Along with the menu, the restaurant’s interior has been totally revamped.

Open and modern, it has a great look and feel.

Music plays in the background just low enough that you might hallucinate you’re hearing people playing ‘Marco Polo’ in the kitchen. The occasional shouts, however, turned out to be the song stylings of Norah Jones. Too bad. Not enough ‘Marco Polo’ gets played on dry land.

The Somtum ($10) is described on the menu as “sweet, sour and spicy,” but ours double-dipped on sweet and skipped right over spicy.

No matter.

The Tumeric Potatoes in Rice Paper confound the elderly. Photo by Vanessa Wolf

The Tumeric Potatoes in Rice Paper baffle the elderly. Photo by Vanessa Wolf

The server quickly whisked the salad away and returned a culinary slap. Check and mate: the encore was SPICY.

Shredded green papaya is mixed with a little bit of tomato and carrots. On the side was a heaping helping of raw cabbage. Puzzling.

Overall, it was a little bit sweeter than we’d like, but otherwise offered a garlicky showcase of sour and savory (and, eventually, crazy sweating spicy heat).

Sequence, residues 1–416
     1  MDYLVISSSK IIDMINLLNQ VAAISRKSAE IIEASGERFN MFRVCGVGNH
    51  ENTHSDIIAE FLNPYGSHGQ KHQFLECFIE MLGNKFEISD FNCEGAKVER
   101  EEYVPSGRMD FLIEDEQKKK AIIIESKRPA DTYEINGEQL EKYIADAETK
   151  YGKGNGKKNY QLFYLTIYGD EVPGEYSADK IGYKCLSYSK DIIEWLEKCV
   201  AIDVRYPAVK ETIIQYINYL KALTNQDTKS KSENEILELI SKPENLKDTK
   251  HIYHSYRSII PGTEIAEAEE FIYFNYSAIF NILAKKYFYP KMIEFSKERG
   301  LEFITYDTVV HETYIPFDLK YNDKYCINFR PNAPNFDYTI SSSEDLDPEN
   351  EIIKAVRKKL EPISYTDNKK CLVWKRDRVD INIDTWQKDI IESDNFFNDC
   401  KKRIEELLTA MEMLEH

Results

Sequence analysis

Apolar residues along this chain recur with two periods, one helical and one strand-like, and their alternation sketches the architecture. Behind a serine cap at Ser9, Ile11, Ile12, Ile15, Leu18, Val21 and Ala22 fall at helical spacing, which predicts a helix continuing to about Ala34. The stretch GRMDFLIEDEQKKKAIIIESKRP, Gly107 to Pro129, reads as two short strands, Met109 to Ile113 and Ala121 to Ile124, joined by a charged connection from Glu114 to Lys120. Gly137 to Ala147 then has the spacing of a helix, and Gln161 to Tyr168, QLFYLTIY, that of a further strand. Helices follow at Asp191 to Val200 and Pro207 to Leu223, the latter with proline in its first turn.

The Tumeric Potato in Rice Paper ($12) is the love child of an Indian samosa and an egg roll. The four deep-fried triangles are filled with cumin-flavored peas, carrots and potatoes.

It’s an unusual offering for a Thai restaurant, but we liked it.

The best part, however, was the entertainment provided by an adjacent table: a middle-aged woman and her elderly parents.

The triangles arrived and the mother became instantly confounded, apparently having never seen anything like this before.

The Panang Curry will change your life. Allegedly. Photo by Vanessa Wolf

The Panang Curry will change your life. Allegedly. Photo by Vanessa Wolf

Without a word, she began to unwrap one and pick at the ball of veggies in her hand.

“Ma, what are you doing?” the daughter exclaimed.

“What!?” her mother responded at an incredible volume. Polo!

“Don’t unwrap it, Ma.”

“What are ya talking about?”

“You don’t unwrap it, Ma. You eat it.”

“Eat what? The paper?”

“It’s not paper, Ma.”

“It says there it’s paper.”

“It’s not paper. It’s food.”

“I’m not eating paper!”

This went on and on for several minutes, and quite frankly, we’d be interested to see her reaction to fondue.